The Fife Walking website / blog has been in existence for two years now so I have decided the time is right to upgrade to my own domain name rather than using a WordPress one!
The new web address is simply fifewalking.com as opposed to the previous fifewalking.wordpress.com.
The old wordpress address will continue to work as it will be redirected.
I started the website two years ago with no real idea of what I wanted to achieve or even how to go about producing a website. I just thought it would be interesting to try setting up a site for walks in my local area, especially routes and paths that were not overly well known. Fortunately, WordPress has made it all very easy for me, though I have run up against some limitations at times.
The site is a non-commercial activity. I make no money out of it, and now that I’ve upgraded the domain name it’s actually costing me a small amount of money. That’s why I do like to ask that people using the site for groups, publishing elsewhere (especially commercial purposes) simply link back to the site or provide other form of credit / acknowledgement. Sadly I have had a well known commercial site download some of my GPX routes from Viewranger, walk the routes (they uploaded their tracks to Viewranger a few days later so I know it wasn’t just a coincidence) and then published the routes as their own and no doubt made money from them. A short “route inspired by Fife Walking fifewalking.com/” would have made all the difference !!! Another commercial organisation has also taken my photographs from Facebook and copied and pasted them to their own facebook page without asking permission or crediting me. Social media sharing is fine (and encouraged) as share buttons always link back to the original source but copy and pasting without permission is not.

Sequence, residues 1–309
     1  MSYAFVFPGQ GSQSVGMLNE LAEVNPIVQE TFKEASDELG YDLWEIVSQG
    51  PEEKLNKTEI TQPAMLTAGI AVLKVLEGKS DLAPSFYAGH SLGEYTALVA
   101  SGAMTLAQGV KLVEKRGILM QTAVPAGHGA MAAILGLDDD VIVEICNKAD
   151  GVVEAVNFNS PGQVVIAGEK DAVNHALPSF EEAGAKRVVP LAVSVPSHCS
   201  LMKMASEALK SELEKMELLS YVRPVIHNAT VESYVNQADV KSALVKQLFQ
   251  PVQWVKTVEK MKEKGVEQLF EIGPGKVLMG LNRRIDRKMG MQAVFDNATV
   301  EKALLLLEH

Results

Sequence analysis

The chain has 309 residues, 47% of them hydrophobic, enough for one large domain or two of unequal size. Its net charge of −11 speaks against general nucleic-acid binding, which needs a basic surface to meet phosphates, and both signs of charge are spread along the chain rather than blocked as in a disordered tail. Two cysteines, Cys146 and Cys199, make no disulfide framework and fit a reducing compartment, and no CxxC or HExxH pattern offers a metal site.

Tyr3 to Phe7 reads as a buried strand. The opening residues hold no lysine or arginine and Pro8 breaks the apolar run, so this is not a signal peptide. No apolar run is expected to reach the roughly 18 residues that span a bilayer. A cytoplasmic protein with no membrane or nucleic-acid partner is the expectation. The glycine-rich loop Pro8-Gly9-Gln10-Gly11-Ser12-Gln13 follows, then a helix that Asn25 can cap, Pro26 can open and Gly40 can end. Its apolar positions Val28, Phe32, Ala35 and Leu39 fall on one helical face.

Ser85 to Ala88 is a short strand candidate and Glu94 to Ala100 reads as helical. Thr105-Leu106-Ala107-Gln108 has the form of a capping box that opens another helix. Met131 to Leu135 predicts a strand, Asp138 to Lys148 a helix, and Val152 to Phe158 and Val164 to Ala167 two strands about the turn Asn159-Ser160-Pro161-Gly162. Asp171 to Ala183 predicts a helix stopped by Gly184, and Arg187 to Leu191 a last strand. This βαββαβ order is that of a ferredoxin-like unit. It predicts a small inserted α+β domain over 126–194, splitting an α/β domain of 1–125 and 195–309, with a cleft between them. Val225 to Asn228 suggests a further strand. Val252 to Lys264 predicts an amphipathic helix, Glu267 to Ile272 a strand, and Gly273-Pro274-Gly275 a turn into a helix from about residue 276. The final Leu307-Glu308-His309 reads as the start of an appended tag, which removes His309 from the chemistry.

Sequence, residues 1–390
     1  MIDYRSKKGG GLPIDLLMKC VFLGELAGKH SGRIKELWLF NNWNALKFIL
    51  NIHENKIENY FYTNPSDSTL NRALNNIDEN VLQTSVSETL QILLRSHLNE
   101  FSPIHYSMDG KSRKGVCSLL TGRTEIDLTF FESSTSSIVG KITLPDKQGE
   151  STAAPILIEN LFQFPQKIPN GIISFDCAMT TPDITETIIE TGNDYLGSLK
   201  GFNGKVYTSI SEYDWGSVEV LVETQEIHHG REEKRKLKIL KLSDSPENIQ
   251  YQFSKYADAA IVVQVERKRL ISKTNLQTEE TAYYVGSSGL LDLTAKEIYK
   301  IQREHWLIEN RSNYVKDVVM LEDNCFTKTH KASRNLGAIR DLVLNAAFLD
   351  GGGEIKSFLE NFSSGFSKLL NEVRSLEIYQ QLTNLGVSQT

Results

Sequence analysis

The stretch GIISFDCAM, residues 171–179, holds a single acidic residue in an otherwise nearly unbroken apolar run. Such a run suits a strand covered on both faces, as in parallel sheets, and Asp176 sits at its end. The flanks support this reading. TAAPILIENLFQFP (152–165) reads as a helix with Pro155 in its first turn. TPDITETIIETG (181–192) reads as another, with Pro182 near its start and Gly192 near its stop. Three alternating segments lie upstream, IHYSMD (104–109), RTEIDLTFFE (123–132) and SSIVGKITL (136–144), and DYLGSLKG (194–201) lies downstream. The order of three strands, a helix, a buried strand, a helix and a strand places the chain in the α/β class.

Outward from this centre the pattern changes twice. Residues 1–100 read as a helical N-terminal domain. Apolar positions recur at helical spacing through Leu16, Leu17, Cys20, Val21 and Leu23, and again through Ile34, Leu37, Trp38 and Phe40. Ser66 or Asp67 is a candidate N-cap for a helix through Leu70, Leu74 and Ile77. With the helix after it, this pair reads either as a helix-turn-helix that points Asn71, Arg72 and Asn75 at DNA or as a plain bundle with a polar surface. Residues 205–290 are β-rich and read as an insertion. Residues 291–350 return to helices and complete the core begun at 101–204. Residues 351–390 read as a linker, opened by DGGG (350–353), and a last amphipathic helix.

Anyway enough of the negatives, the weather is improving and this coming week looks very nice indeed so let’s all get out there for some good walks whilst we can.
And if anyone is looking for a recommendation for holidaying at home this year, the Outer Hebrides are hard to beat. Had a short break on the Uists last week and it was utterly amazing (walking routes to be published soon).
Scottish Natural Heritage has combined the core path plans that have been drawn up by all of Scotland’s local authorities and National Park authorities to produce an online map. The main local routes for recreation and travel, known as core paths, are usually signposted. Not all are on land, and they include some rivers or canals that are used for canoeing. View the map and find out more
Well as it’s Halloween and the season of spookiness, I thought I would have a look to see what walks I have published that could be classed as appropriate for this time of year. Actually there’s quite a few………..
Tullibole Witches’ Maze – a short walk from Crook of Devon that includes the Tullibole Witches’ Maze, a memorial to the 11 innocent witches that were executed in the Crook of Devon area. Good one for kids but take note of the barb wire if you do the full route. Do report this issue to the Perth and Kinross Access Officer email@example.com if it is still causing a problem. As well as the Witches’ Maze, keep an eye open for the peacocks at Tullibole.
Blairadam Forest – I’ve got 4 different Blairadam Forest routes published. The easiest is the waymarked forestry commission trails although personally I prefer the estate and forest ones. A ghost of a miner has been spotted in Blairadam and the area is also well known for reports of big cat sightings (the Beast of Blairadam). Best not to go after dark !!!!